Inflow and outflow signatures in flowing wellbore electrical conductivity logs

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Description

Flowing wellbore electrical-conductivity logging provides a means to determine hydrologic properties of fractures, fracture zones, or other permeable layers intersecting a borehole in saturated rock. The method involves analyzing the time-evolution of fluid electrical-conductivity logs obtained while the well is being pumped and yields information on the location, hydraulic transmissivity, and salinity of permeable layers, as well as their initial (or ambient) pressure head. Earlier analysis methods were restricted to the case in which flows from the permeable layers or fractures were directed into the borehole. More recently, a numerical model for simulating flowing-conductivity logging was adapted to permit treatment ... continued below

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78 pages

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Doughty, Christine & Tsang, Chin-Fu August 28, 2002.

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Description

Flowing wellbore electrical-conductivity logging provides a means to determine hydrologic properties of fractures, fracture zones, or other permeable layers intersecting a borehole in saturated rock. The method involves analyzing the time-evolution of fluid electrical-conductivity logs obtained while the well is being pumped and yields information on the location, hydraulic transmissivity, and salinity of permeable layers, as well as their initial (or ambient) pressure head. Earlier analysis methods were restricted to the case in which flows from the permeable layers or fractures were directed into the borehole. More recently, a numerical model for simulating flowing-conductivity logging was adapted to permit treatment of both inflow and outflow, including analysis of natural regional flow in the permeable layer. However, determining the fracture properties with the numerical model by optimizing the match to the conductivity logs is a laborious trial-and-error procedure. In this paper, we identify the signatures of various inflow and outflow features in the conductivity logs to expedite this procedure and to provide physical insight for the analysis of these logs. Generally, inflow points are found to produce a distinctive signature on the conductivity logs themselves, enabling the determination of location, inflow rate, and ion concentration in a straightforward manner. Identifying outflow locations and flow rates, on the other hand, can be done with a more complicated integral method. Running a set of several conductivity logs with different pumping rates (e.g., half and double the original pumping rate) provides further information on the nature of the feed points. In addition to enabling the estimation of flow parameters from conductivity logs, an understanding of the conductivity log signatures can aid in the design of follow-up logging activities.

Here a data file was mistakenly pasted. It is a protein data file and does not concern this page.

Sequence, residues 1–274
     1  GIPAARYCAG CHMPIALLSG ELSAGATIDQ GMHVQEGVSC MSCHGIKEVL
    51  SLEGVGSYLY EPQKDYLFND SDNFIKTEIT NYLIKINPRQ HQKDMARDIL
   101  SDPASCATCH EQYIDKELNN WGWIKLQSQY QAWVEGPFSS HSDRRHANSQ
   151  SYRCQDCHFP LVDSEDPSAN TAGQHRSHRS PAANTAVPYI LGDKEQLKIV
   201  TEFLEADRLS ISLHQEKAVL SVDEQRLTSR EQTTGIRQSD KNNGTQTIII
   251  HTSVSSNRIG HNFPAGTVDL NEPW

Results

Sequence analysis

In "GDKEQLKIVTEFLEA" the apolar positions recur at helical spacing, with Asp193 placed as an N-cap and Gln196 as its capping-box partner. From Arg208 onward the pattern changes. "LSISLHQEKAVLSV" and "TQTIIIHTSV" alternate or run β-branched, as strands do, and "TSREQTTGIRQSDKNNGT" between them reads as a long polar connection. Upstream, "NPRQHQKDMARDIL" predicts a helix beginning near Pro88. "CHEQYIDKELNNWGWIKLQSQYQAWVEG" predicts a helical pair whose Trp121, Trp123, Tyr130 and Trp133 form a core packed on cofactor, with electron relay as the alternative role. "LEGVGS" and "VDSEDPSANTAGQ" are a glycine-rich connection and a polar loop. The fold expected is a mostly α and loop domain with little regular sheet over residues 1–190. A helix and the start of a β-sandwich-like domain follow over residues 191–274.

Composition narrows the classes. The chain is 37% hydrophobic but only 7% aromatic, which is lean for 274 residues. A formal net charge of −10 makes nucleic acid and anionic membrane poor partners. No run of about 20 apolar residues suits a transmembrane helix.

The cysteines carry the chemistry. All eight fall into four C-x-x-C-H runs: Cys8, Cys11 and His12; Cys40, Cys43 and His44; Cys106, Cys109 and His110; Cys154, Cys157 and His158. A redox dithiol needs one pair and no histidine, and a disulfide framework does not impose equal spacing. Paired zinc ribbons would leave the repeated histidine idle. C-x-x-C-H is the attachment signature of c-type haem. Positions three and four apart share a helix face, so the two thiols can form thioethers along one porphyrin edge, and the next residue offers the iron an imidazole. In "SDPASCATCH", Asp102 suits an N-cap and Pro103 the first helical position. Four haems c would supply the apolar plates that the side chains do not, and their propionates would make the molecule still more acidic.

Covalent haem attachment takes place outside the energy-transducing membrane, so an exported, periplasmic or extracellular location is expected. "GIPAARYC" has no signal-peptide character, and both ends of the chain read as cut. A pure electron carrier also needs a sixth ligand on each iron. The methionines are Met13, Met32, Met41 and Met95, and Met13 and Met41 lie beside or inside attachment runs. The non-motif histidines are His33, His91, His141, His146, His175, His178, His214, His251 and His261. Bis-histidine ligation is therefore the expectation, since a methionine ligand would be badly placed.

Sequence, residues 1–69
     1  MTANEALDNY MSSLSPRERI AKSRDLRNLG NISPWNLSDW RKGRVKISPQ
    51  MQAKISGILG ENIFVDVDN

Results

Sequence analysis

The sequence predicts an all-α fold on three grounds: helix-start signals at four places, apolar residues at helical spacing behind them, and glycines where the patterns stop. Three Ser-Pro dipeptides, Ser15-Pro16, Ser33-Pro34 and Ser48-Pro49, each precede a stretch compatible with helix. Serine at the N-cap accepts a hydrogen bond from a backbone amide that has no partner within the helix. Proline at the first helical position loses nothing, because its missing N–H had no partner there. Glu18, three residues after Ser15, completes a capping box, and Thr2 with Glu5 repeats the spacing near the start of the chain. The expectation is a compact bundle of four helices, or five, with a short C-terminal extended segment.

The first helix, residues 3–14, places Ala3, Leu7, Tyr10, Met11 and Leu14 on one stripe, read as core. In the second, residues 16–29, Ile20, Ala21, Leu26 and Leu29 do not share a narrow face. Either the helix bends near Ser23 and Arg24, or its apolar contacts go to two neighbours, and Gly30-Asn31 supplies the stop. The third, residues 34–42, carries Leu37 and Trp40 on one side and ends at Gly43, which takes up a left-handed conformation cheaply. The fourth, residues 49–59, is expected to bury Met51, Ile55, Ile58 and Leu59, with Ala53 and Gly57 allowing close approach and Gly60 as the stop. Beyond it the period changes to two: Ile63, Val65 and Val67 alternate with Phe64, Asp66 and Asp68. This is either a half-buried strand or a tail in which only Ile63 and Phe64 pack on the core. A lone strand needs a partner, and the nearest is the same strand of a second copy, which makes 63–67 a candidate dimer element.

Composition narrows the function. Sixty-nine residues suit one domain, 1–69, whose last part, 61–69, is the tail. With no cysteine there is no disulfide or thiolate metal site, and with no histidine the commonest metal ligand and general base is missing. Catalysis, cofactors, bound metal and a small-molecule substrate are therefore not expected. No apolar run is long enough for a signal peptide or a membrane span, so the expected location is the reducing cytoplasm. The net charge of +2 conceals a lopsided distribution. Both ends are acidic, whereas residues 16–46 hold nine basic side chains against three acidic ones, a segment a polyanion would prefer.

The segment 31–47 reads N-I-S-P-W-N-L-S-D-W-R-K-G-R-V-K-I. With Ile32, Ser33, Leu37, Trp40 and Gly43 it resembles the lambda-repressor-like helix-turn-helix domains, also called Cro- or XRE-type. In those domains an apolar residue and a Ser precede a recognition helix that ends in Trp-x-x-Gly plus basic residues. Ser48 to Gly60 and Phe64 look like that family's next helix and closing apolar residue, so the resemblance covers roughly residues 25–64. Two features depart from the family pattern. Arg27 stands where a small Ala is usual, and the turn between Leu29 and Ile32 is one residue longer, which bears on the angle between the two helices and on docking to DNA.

Physical Description

78 pages

Notes

OSTI as DE00833944

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  • Other Information: PBD: 28 Aug 2002

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  • Report No.: LBNL--51468
  • Grant Number: AC03-76SF00098
  • DOI: 10.2172/833944 | External Link
  • Office of Scientific & Technical Information Report Number: 833944
  • Archival Resource Key: ark:/67531/metadc784785

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  • August 28, 2002

Added to The UNT Digital Library

  • Dec. 3, 2015, 9:30 a.m.

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  • April 4, 2016, 1:17 p.m.

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Doughty, Christine & Tsang, Chin-Fu. Inflow and outflow signatures in flowing wellbore electrical conductivity logs, report, August 28, 2002; Berkeley, California. (digital.library.unt.edu/ark:/67531/metadc784785/: accessed October 16, 2018), University of North Texas Libraries, Digital Library, digital.library.unt.edu; crediting UNT Libraries Government Documents Department.